"There was another incident which had a profound influence on my life. In the early Summer of 1939, when there was a War threatened, and Conscription was beginning to gather boys to the Army, I awoke one night by a torch [flashlight] being flashed onto my face. Catching a glimpse of a white shirt, and then feeling a ‘bump’ underneath my bed, I called out for my Dad to come, ‘There’s a man under my bed!’. It took him a little while to get the message, trying to persuade me that I had had a bad dream. At my persistence he finally, looked under my bed, and sure enough…!
My visitor turned out to be the 17 year old son of a farmer friend, from some miles away, near Canvey Island, who had absconded. He had come for Dad’s help; seen a front window open and climbed in. Not knowing whose room he was in, he had shone his torch onto me to see whose bed it was. He was very sorry for upsetting me, but….. to this day, I am frightened of the dark, and will not go out alone if I can help it. To get into bed, I would take a running leap, in case someone was underneath the bed."Janet found her true love while she was a nurse and he was her patient. They married in 1951. It was a match made in heaven. She describes it this way, "We were as one person, and never exchanged a cross word."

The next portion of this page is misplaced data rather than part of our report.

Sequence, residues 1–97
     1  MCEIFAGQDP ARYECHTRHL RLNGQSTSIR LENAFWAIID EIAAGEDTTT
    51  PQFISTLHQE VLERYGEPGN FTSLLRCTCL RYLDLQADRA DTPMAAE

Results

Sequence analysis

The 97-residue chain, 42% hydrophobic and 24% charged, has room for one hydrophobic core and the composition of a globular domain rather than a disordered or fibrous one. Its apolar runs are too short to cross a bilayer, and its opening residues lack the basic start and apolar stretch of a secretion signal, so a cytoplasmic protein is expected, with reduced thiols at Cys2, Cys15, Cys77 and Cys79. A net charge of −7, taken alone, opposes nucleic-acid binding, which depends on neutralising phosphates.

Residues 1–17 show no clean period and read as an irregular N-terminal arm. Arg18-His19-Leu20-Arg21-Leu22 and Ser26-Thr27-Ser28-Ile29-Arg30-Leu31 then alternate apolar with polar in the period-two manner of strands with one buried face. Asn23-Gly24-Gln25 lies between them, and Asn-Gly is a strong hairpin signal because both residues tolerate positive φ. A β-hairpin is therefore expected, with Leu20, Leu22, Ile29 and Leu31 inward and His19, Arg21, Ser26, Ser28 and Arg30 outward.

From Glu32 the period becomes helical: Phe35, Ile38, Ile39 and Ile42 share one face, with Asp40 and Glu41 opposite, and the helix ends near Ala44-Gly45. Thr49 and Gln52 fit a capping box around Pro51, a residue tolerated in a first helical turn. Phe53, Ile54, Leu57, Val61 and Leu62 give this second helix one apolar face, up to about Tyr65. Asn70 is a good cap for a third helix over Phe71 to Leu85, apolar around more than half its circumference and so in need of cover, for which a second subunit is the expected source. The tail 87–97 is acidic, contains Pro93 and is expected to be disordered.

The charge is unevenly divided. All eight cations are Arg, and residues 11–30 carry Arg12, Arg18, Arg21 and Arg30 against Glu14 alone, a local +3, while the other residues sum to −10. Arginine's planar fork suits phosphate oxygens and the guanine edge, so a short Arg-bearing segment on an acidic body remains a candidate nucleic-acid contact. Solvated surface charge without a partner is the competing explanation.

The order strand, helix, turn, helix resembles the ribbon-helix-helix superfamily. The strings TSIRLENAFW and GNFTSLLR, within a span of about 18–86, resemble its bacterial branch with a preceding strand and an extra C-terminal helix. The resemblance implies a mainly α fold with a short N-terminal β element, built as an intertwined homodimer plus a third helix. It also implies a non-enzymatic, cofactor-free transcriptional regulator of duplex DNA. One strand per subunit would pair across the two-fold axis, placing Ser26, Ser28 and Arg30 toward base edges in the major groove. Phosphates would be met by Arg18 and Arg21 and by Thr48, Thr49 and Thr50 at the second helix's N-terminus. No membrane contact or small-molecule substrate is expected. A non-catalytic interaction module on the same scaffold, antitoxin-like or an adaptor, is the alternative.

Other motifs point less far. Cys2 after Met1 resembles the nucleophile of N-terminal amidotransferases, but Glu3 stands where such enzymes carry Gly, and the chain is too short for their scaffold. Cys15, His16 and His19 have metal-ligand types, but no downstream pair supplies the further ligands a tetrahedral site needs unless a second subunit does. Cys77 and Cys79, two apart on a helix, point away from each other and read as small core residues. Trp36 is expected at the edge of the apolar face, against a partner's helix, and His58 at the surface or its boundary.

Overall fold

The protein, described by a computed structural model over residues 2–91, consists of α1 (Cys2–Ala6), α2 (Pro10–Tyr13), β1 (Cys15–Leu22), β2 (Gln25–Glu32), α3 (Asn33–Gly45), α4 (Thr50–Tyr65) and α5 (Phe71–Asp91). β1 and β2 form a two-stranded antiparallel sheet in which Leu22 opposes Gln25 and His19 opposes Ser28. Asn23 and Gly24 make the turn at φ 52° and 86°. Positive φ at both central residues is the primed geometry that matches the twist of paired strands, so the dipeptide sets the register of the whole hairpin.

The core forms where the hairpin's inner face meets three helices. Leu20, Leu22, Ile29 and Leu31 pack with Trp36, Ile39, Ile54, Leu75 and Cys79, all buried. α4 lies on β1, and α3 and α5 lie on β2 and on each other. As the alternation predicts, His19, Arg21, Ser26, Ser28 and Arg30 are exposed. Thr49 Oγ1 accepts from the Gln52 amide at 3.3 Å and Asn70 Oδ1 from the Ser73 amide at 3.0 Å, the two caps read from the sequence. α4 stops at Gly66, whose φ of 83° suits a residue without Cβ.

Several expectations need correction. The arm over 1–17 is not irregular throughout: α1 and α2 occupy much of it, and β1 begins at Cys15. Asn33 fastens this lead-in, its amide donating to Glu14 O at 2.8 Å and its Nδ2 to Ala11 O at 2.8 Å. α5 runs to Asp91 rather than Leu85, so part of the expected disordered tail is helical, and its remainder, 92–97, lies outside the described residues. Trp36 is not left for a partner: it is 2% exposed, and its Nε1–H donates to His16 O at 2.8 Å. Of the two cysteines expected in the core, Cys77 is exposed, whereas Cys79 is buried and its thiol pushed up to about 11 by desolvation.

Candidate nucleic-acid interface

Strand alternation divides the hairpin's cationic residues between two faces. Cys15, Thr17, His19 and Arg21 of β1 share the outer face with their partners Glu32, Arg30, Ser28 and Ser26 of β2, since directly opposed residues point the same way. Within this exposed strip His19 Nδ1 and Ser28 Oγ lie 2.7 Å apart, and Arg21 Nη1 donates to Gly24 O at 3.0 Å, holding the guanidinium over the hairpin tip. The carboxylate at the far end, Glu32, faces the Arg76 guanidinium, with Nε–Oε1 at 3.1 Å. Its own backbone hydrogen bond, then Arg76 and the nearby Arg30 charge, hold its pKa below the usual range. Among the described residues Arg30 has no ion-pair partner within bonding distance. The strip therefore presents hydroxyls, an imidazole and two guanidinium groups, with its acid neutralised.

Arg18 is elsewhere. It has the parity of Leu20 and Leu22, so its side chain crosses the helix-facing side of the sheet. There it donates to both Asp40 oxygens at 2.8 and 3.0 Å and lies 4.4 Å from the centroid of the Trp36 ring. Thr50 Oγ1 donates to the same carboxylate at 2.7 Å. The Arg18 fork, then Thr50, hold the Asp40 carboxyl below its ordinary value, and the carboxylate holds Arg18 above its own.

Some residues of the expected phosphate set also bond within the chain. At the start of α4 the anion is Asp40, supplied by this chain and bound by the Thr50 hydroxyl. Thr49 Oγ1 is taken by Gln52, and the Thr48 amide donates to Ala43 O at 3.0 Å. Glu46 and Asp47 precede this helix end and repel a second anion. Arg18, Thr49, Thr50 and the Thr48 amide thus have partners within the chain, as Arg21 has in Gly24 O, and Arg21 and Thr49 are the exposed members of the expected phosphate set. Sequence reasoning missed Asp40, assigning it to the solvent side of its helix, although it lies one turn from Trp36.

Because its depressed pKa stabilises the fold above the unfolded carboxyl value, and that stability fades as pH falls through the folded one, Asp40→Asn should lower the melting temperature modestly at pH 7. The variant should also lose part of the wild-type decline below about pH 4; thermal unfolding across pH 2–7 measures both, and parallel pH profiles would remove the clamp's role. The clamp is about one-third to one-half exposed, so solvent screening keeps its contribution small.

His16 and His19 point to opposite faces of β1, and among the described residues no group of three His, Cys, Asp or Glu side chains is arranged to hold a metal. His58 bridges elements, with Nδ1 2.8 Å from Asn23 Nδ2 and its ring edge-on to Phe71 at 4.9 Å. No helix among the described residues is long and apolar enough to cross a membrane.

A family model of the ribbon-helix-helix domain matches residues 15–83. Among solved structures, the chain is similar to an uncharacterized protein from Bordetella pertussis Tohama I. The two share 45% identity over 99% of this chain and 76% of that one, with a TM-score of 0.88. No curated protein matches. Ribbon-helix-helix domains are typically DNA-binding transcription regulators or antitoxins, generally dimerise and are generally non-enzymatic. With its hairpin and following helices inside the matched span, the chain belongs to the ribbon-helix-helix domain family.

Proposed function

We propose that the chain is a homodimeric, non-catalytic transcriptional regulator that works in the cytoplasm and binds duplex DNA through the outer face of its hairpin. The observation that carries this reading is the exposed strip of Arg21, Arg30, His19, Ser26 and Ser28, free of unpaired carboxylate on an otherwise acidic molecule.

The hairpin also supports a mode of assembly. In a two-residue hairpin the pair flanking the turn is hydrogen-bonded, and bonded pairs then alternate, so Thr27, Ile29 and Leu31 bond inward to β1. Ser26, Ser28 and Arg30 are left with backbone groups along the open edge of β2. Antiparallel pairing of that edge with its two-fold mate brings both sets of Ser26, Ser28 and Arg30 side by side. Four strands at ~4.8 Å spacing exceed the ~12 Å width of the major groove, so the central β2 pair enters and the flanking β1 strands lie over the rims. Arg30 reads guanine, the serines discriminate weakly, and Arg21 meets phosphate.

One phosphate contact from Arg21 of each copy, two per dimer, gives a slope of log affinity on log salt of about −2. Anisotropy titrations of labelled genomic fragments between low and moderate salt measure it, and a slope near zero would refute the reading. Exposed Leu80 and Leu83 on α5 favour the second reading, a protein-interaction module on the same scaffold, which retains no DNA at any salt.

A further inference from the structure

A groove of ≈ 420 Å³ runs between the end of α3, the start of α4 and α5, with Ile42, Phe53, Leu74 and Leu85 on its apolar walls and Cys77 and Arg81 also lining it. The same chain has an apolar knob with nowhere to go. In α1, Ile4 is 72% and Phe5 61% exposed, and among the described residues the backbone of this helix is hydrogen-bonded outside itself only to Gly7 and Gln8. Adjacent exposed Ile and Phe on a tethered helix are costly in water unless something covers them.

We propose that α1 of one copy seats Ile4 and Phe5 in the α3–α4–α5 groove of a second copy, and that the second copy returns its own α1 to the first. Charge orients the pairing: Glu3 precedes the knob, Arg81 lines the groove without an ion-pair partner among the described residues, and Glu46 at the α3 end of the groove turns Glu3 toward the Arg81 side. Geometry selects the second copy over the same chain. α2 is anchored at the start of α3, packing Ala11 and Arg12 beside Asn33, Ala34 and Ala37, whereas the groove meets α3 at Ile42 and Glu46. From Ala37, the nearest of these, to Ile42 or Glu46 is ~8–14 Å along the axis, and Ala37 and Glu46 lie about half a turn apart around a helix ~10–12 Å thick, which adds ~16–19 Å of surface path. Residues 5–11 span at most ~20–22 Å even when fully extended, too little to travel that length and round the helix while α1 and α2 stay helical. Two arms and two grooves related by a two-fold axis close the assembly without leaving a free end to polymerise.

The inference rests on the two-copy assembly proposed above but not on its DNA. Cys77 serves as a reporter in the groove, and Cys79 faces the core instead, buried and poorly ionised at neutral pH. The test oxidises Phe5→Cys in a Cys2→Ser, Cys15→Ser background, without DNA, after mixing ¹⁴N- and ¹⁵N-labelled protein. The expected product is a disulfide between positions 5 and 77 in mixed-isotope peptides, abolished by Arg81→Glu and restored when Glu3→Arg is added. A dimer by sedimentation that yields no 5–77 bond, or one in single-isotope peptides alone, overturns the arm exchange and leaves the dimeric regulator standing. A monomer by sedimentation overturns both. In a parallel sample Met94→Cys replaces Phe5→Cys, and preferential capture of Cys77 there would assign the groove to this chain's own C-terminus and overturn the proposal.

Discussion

Sadly, their time together was very short. They had one small child and another baby on the way when her husband was killed in an explosion at I.C.I. Powfoot, on 11th February, 1954. "A twisted end of a pipe was packed with explosive, and it went off like a cannon, killing both the worker, and Walter. The explosion was heard for many miles. At the age of 22 years (23 in six weeks time), I was too young for a Widow’s Pension of 10s. per week (50p) which was paid to widows under 60."
How sad is that?
I've learned so much from my cousin and she continues to inspire me and give me advice.
Thank you, Janet.
Just when I think I have nothing left to learn about genealogy, it surprises me again.